Do gang members recruit through social media? Are they attacking others? What do they actually do online. A good question that new research funded by Google Ideas by David Pyrooz, Scott Decker & Richard Moule tries to answer. Well, 1 thing seems to be clear: gangs are not using the Internet to recruit new members or commit complex cybercrimes.
From the press release:
“What they are doing online is typically what they are doing on the street,” said David Pyrooz, an assistant professor at Sam Houston State University, College of Criminal Justice and coauthor of the study. “For the most part, gang members are using the Internet for self-promotion and braggadocio, but that also involves some forms of criminal and deviant behaviors. “
“Criminal and Routine Activities in Online Settings: Gangs, Offenders, and the Internet,” coauthored by Scott Decker, director of the School of Criminology and Criminal Justice, and doctoral student Richard Moule of Arizona State University, was recently published online by Justice Quarterly. It investigates the use of the Internet and social networking sites by gang members and other young adults for online crime and deviance.
The study was based on interviews the authors conducted with 585 young adults from five cities, including Cleveland, OH; Fresno, CA; Los Angeles, CA; Phoenix, AZ; and St. Louis, MO. It was funded by Google Ideas, a think/do tank that explores the role that technology can play in tackling human challenges, such as violent extremism, illicit networks and fragile states.
The study found that much of the online activities of gang members are typical of their age group; they spend time on the Internet, use social networking sites like Facebook and watch YouTube videos. Much like what studies find in offline or street settings, their rate of committing crimes or deviant acts online is 70% greater than those not in gangs. Gang members illegally download media, sell drugs, coordinate assaults, search social network sites to steal and rob, and upload deviant videos at a higher rate than former or non-gang members, the study found.
However, gang members are not engaging in intricate cybercrimes, such as phishing schemes, identity theft or hacking into commercial enterprises.
“We observe that neither gang members nor their peers have the technological competency to engage in complex forms of cybercrime,” the study found. “In short, while the Internet has reached inner city populations, access alone is not translating into sophisticated technological know-how.”
Gangs do not use the Internet for purposes instrumental to the group, such as recruiting new members, drug distribution, meetings or other organizational activities. Gang members recognized that law enforcement monitored their online behaviors, so they limited their discussion of gang activities on the Internet or social media sites. Only 20 percent of gang members surveyed said that their gang had a web site or social media page, and one-third of those were password protected.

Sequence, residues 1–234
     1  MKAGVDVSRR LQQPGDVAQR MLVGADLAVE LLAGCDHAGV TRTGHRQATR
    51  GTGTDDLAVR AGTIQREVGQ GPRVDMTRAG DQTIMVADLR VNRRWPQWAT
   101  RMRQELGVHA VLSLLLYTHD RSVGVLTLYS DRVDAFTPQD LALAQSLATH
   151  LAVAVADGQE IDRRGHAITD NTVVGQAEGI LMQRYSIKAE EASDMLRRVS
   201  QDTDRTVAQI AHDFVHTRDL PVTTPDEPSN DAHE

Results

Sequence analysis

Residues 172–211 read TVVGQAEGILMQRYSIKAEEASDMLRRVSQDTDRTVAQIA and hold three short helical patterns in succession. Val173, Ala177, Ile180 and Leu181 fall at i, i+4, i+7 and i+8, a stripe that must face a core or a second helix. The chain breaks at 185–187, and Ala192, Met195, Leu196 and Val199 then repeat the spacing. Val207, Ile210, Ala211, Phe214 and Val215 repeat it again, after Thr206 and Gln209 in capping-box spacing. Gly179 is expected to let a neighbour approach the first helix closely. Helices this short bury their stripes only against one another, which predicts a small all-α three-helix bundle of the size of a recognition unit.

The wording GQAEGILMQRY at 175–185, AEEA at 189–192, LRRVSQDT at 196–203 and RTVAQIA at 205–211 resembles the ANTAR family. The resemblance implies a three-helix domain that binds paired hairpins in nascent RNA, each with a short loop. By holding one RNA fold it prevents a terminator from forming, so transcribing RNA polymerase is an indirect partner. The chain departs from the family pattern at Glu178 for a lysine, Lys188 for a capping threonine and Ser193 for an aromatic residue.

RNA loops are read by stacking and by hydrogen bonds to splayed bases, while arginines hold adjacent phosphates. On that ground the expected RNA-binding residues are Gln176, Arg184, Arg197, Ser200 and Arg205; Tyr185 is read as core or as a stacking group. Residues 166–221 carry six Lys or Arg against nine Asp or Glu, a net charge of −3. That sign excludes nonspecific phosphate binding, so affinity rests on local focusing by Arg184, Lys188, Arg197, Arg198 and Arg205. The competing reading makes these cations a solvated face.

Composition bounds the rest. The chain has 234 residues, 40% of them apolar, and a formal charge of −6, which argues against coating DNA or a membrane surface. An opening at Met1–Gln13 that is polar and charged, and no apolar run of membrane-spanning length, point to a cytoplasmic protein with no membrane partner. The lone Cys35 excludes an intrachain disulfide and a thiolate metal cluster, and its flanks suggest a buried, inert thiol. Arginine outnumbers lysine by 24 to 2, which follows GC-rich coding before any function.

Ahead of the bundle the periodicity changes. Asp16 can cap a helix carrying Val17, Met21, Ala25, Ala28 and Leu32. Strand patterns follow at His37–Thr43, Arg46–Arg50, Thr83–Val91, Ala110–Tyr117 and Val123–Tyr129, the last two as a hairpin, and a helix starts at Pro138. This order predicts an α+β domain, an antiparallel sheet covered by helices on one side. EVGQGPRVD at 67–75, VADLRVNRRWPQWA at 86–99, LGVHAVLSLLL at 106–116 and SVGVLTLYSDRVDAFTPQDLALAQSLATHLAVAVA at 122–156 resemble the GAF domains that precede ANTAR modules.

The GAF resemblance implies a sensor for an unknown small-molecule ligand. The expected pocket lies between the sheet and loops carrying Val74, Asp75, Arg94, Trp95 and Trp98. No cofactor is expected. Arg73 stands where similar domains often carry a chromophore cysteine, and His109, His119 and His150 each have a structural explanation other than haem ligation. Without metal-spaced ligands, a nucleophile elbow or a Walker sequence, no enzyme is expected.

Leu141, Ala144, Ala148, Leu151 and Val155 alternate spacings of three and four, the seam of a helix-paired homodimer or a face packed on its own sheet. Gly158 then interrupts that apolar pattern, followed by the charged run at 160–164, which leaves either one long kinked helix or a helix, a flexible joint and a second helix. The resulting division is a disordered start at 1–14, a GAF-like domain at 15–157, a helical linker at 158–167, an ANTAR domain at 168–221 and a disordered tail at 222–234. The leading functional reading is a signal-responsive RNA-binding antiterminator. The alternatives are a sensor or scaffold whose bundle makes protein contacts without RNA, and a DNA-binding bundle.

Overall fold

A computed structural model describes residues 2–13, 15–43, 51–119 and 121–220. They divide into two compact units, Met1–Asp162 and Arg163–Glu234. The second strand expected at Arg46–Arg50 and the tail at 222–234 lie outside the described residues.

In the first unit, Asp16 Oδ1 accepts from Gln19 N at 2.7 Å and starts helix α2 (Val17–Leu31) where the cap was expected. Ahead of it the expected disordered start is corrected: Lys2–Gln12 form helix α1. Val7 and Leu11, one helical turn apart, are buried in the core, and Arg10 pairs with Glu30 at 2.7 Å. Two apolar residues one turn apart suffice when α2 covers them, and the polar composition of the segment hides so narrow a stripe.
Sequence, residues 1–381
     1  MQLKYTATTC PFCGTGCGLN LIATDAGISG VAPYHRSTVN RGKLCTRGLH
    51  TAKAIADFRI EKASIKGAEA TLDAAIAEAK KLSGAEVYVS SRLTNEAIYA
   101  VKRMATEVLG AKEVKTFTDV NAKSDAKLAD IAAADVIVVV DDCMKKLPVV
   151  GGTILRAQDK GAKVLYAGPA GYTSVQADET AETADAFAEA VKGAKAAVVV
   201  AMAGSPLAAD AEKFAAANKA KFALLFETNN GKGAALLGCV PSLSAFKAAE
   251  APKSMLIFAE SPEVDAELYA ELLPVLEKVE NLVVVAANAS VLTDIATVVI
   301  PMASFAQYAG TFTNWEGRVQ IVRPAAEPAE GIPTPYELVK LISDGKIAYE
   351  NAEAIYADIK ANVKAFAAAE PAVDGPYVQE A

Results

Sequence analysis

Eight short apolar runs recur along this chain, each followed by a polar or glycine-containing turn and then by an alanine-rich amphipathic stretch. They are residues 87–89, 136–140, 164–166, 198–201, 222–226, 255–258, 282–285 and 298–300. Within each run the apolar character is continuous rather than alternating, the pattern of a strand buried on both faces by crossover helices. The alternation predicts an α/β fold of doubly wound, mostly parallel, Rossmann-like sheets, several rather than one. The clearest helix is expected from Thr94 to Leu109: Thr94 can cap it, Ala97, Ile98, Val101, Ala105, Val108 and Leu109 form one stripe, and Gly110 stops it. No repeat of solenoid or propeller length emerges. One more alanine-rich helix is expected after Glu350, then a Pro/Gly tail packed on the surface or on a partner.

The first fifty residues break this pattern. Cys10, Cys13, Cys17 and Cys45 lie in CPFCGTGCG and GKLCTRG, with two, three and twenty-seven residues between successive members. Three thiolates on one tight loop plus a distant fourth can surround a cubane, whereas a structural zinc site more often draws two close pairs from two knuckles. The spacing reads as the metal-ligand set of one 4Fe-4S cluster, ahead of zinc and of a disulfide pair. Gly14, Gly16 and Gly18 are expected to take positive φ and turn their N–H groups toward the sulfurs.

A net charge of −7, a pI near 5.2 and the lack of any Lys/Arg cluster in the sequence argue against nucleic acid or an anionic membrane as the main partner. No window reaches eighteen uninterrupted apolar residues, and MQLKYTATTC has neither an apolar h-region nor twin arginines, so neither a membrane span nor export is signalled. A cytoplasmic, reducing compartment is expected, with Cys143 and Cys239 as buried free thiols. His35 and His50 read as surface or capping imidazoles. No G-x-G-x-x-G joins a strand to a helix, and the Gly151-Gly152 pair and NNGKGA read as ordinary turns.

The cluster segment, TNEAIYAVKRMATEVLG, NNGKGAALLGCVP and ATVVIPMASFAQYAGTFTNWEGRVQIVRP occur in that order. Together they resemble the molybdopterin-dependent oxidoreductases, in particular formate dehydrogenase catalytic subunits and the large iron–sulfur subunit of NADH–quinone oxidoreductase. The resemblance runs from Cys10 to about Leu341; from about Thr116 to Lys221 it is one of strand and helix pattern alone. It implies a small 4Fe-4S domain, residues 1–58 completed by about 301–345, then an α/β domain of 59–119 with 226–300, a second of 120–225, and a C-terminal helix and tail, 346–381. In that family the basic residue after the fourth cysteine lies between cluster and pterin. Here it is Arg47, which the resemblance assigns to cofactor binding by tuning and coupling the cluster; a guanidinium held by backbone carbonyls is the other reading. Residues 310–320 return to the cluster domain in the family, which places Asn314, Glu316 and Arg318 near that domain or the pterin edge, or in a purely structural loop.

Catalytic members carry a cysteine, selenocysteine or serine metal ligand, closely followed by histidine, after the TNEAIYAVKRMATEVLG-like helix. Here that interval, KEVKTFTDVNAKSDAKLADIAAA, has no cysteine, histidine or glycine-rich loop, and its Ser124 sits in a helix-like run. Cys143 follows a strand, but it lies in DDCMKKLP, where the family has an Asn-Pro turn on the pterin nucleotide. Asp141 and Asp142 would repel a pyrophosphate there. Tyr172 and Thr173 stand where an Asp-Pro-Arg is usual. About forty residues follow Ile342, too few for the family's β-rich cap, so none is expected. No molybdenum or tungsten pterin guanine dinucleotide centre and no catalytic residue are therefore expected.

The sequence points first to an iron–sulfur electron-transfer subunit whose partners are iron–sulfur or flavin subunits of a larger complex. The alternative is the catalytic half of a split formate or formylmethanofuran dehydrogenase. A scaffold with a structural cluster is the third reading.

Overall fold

Gang members recognized the importance of the Internet, but sites were used mainly as status symbols. Instead of exploiting the Internet for criminal opportunities, YouTube, Facebook, or other social media is used much like an “electronic graffiti wall,” according the study.
One-quarter of gang member said they used the Internet to search out information on other gangs and more than half watch gang-related videos online, such as fights or videos.
“Many respondents were simply interested in gang related fights and threats in general, finding them as entertaining as a boxing or UFC match,” Pyrooz said, referring to gang-related videos on YouTube .
Law enforcement should continue to monitor and address gangs and crime online by working closely with different web sites and ISPs, as well as investigating other forms of telecommunication like cell phone and emails. In addition, they can request service providers remove images that glorify gangs or violence, or use Twitter for citizens to report crime in the community.
“Technology is part of the problem, but it is just as likely part of the solution.” said Pyrooz, with regard to documenting the “digital trail” left behind, as well as prosocial opportunities.
Abstract of the research:
Crime and deviance reflect the dynamic nature of social life. The Internet has changed opportunities for crime and deviance, much as it has changed other aspects of social life. Accompanying the movement of offending and victimization to the Internet has been the expansion of deviant groups—including gangs—into online settings. Drawing from web-facilitated and web-enhanced classifications of online deviant behavior and identity, we extend the study of offending, gangs, and gang membership to online settings. Using data gathered in five cities from 585 respondents, including 418 current and former gang members, we study general online routine activities, online criminal and deviant behaviors, and gang-related online behaviors and processes. Based on our results, we arrive at three main conclusions: (1) gang members use the Internet and social networking sites as much, if not more, than their nongang counterparts, (2) gang members have a greater overall propensity for online crime and deviance than former and nongang respondents, based on our multivariate multi-level item response theory models, (3) the Internet is rarely used to further the instrumental goals of gangs, instead appealing to the symbolic needs of gangs and gang members. We conclude by discussing the conceptual and policy implications of these findings in relation to online activities of offenders and deviant groups.